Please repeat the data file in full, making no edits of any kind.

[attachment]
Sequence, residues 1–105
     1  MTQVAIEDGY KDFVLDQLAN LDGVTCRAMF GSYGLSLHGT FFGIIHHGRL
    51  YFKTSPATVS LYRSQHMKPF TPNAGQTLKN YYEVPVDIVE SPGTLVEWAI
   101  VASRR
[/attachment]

Sequence, residues 1–105
     1  MTQVAIEDGY KDFVLDQLAN LDGVTCRAMF GSYGLSLHGT FFGIIHHGRL
    51  YFKTSPATVS LYRSQHMKPF TPNAGQTLKN YYEVPVDIVE SPGTLVEWAI
   101  VASRR